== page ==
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The Gold Fleets completed three races today. The Silver did not race. Wind speeds were solidly in the mid 20s and topping out over 30. This world championship is turning into a war of attrition. Attrition on the sailors. And attrition on the equipment.
Yesterday Toni Wilhelm went to flight school yesterday with the result that his sail cartwheeled across the bay and smacked another racer on the back. Alex Jones [BER] was taken off the water and to hospital with broken bones in a foot. Today sailors who would not normally be taking rides over the handle bars were doing so.
They were certainly tired when they came ashore tonight and keen to rest because tomorrow it will be windy. That is certain. How windy remains to be seen. The forecast is for it to pick up.
Men Top 5
1. Julien Bontemps, FRA, 24.0
2. Nick Dempsey, GBR, 26.0
3. JP Tobin, NZL, 31.0
4. Dorian van Rijsselberge, NED, 31.6
5. Byron Kokalanis, GRE, 32.0
Women Top 5
1. Lee Korzits, ISR, 17.0
2. Zofia Klepacka, POL, 21.0
3. Alessandra Sensini, ITA, 27.0
4. Brony Shaw, GBR, 48.0
5. Maja Dziarnowska, POL, 55.0
RS:X Worlds Microsite
Nice And Close
Highland Fling loses her rig. Photo by Ingrid Abery, www.ingridabery.com. Click on image for photo gallery.
St.Thomas, U.S. Virgin Islands: It came down to the wire on the last day for winners in three of six classes at the International Rolex Regatta, which began Friday and hosted 68 boats and over 500 sailors representing the U.S., Great Britain, Puerto Rico, Canada, The Netherlands, Russia, Italy, Sweden, Monaco and multiple Caribbean islands.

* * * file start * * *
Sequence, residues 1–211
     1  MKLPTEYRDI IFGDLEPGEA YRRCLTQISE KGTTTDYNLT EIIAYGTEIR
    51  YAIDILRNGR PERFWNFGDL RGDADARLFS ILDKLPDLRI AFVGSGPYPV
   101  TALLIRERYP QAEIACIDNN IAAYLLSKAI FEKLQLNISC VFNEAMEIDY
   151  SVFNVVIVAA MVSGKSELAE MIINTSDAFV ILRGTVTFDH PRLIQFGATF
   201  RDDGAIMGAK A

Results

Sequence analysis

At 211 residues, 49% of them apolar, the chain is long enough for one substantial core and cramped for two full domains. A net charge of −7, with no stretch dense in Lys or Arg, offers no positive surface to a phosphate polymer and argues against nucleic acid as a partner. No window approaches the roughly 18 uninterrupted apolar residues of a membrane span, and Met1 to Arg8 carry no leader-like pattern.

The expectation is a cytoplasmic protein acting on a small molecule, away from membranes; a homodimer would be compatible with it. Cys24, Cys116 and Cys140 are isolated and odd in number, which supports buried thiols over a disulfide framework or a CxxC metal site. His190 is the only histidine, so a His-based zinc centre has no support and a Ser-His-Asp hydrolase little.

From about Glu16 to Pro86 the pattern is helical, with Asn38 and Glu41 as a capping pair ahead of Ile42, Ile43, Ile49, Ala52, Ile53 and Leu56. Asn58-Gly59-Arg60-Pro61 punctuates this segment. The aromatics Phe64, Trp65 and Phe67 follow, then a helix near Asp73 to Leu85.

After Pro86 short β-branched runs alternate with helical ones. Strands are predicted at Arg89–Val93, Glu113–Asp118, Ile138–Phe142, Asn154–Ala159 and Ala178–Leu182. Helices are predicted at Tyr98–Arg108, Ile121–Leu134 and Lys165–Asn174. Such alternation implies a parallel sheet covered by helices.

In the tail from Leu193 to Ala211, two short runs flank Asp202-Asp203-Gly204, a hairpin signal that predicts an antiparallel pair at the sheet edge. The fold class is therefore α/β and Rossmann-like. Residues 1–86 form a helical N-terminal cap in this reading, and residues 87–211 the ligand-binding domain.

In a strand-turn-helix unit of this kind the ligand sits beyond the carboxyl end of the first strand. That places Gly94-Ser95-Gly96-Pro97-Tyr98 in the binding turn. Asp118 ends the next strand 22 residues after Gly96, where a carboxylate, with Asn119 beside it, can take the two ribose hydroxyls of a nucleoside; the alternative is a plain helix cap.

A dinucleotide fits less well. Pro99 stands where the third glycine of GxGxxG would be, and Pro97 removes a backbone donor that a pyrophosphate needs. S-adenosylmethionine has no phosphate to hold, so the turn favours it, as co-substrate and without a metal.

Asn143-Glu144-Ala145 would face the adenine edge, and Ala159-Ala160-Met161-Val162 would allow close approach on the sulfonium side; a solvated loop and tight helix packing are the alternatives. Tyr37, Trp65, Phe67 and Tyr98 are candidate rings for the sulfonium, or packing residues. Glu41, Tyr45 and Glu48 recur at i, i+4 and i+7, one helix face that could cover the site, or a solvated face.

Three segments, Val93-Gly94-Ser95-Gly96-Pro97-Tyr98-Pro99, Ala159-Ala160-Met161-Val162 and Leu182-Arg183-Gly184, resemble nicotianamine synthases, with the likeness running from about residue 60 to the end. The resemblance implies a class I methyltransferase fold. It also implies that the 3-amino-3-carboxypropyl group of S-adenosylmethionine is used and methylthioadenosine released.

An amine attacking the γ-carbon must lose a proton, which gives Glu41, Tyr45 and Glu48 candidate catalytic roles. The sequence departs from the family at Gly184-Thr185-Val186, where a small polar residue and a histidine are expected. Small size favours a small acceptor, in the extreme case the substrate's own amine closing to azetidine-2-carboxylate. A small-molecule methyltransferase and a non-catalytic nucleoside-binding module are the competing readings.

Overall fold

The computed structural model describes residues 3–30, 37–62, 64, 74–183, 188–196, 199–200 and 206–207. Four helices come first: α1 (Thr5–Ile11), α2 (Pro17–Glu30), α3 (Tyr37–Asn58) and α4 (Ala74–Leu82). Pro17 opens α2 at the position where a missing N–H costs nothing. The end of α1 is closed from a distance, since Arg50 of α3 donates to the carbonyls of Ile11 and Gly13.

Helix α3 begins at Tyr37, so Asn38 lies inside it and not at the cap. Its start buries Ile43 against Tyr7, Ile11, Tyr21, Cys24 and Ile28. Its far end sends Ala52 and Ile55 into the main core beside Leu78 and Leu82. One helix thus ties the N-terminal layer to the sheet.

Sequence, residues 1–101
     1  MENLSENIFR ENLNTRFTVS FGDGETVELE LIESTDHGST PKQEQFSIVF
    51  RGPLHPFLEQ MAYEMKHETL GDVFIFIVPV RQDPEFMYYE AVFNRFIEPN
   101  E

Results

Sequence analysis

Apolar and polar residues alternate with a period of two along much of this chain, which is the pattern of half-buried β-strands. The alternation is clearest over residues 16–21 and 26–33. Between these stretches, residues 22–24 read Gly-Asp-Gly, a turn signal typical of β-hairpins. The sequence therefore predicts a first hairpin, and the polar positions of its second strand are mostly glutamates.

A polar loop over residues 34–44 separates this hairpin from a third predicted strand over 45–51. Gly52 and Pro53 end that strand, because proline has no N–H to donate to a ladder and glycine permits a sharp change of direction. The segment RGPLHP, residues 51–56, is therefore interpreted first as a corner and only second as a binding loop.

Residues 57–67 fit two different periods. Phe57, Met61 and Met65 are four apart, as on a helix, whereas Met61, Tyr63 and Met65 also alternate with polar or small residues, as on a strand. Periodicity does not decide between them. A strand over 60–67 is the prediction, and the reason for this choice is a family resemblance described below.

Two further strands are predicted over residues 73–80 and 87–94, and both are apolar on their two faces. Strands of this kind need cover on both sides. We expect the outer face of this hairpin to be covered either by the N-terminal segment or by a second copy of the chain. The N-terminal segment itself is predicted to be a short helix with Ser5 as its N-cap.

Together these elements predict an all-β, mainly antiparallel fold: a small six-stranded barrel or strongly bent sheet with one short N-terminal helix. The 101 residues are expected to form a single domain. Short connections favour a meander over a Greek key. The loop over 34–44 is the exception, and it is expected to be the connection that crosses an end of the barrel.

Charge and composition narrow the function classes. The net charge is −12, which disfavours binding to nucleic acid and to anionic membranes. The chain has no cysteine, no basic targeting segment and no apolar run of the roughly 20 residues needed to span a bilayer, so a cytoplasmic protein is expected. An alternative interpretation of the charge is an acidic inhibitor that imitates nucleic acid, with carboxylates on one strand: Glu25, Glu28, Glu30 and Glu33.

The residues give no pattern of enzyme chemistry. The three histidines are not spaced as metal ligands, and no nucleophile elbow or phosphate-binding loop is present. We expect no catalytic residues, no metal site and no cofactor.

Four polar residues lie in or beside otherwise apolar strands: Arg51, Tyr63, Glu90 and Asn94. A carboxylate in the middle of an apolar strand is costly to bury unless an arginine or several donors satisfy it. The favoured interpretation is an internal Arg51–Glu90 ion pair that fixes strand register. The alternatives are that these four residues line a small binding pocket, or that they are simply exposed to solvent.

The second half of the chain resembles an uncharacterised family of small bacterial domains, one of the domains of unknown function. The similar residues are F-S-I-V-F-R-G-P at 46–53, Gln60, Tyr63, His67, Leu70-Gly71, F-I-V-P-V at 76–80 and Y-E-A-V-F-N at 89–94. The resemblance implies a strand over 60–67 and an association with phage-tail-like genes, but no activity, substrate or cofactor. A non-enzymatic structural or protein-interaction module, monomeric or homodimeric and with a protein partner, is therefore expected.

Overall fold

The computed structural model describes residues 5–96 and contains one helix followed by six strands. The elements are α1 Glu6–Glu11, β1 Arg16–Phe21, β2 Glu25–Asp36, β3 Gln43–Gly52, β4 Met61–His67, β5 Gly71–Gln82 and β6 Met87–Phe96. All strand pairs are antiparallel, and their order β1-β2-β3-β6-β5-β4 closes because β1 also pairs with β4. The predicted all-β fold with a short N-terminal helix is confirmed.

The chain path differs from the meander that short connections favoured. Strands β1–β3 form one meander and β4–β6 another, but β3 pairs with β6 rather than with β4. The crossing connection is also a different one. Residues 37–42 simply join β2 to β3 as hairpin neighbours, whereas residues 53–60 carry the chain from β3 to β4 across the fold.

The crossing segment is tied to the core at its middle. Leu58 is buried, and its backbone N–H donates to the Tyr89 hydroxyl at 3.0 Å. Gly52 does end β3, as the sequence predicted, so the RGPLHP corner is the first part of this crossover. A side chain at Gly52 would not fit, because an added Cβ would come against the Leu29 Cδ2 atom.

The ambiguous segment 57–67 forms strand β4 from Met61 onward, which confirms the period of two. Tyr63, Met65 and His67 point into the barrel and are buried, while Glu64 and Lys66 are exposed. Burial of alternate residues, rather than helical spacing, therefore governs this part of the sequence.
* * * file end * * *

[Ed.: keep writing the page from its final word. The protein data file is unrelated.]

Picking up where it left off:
The tactically demanding Pillsbury Sound races, with courses that wound through the cays of St. Thomas and St. John, decided winners in one IRC and three CSA classes as well as a Beach Cat class, while one-design IC 24s completed six short-course races in Jersey Bay to determine that class's victor. The races were sailed in picture-perfect conditions, which included plenty of sunshine and 15-knot breezes, which made the overcast skies and intermittent rain showers that prevailed over the last two days but a distant memory.
Peter Cunningham's (George Town, CAY) 52-foot PowerPlay took overall victory in IRC, where nine boats were competing, and won a Rolex Oyster Perpetual Submariner Chronometer as a prize for its excellent performance. The team's main competition was Willem Wester's (Breskens, Zeeland, NED) Grand Soleil 46 Antilope (steered by Belgian Olympian Philippe Bergmans) and Ashley Wolfe's (Alberta, Canada) IRC 52 Mayhem, which finished second and third, respectively.